A “global risk” is the possibility of the occurrence of an event or condition which, if it occurs, would negatively impact a significant proportion of global GDP, population or natural resources.
Table A.1 presents the list of 32 global risks and definitions adopted in the Global Risks Perception Survey 2022-2023.
To ensure legibility, the names of some of the global risks have been abbreviated in the figures. The portion of the full name used in the abbreviation is in bold.
Table A.1 | Definitions of Global Risks
The Global Risks Perception Survey (GRPS) is the World Economic Forum’s source of original risks data, harnessing the expertise of the Forum’s extensive network of academic, business, government, civil society and thought leaders. Survey responses were collected from 7 September to 5 October 2022 from the World Economic Forum’s multistakeholder communities.
The list of 32 global risks included in the survey was updated in 2022.
Two new risks were added in response to observed economic, geopolitical and environmental trends:
1. “Cost of living crisis”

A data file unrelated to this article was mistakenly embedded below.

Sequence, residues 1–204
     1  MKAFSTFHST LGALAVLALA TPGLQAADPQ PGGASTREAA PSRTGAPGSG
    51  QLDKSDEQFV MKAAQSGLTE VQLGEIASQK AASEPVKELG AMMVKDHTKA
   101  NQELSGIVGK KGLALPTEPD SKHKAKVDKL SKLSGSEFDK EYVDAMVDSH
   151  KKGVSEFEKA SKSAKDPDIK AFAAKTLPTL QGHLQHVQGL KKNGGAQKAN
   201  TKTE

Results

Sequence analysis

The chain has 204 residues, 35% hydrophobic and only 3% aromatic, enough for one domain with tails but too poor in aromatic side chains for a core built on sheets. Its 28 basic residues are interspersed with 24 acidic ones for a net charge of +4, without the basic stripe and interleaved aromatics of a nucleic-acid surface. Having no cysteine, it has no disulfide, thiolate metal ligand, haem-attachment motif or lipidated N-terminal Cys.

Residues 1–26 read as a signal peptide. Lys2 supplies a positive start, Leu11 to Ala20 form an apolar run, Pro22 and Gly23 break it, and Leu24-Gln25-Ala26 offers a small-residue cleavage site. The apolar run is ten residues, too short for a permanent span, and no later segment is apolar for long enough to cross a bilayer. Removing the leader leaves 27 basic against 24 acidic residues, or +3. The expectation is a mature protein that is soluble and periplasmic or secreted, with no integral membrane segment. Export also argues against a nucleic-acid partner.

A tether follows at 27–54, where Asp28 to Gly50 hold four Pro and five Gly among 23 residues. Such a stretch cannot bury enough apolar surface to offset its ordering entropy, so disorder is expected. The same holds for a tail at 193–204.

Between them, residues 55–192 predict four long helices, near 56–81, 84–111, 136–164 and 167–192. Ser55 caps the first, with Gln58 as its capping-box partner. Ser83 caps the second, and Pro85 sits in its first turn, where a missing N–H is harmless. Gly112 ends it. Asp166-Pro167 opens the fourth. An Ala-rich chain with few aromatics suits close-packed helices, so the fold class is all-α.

2. “Misinformation and disinformation”
In addition, “Climate action failure” was delineated into two separate risks:
1. “Failure of climate-change adaption”
2. “Failure to mitigate climate change”
The names and definitions of the remaining risks have been revised and, where applicable, merged, modified and/or expanded to reflect new ways in which the risks may materialize and the potential adverse outcomes they may cause. However, to ensure comparability over time, although names and definitions were modified, the fundamental concept of each risk has remained consistent with that of previous versions of the survey.
The GRPS 2022–2023 was further refined this year to gather more granular perceptions of risk and to incorporate new approaches to risk management and analysis. The GRPS 2022–2023 was comprised of six sections:
– Outlook for the World asked respondents to characterize their outlook for the world over the short term (two years) and the long term (10 years). Respondents were provided with five options: (1) Progressive tipping points and persistent crises leading to catastrophic outcomes, (2) Consistently volatile across economies and industries with multiple shocks accentuating divergent trajectories, (3) Slightly volatile with occasional localized surprises, (4) Limited volatility with relative stability, and (5) Renewed stability with a revival of global resilience. A simple tally for each of the five options was calculated. The result is illustrated in Figure 1.10.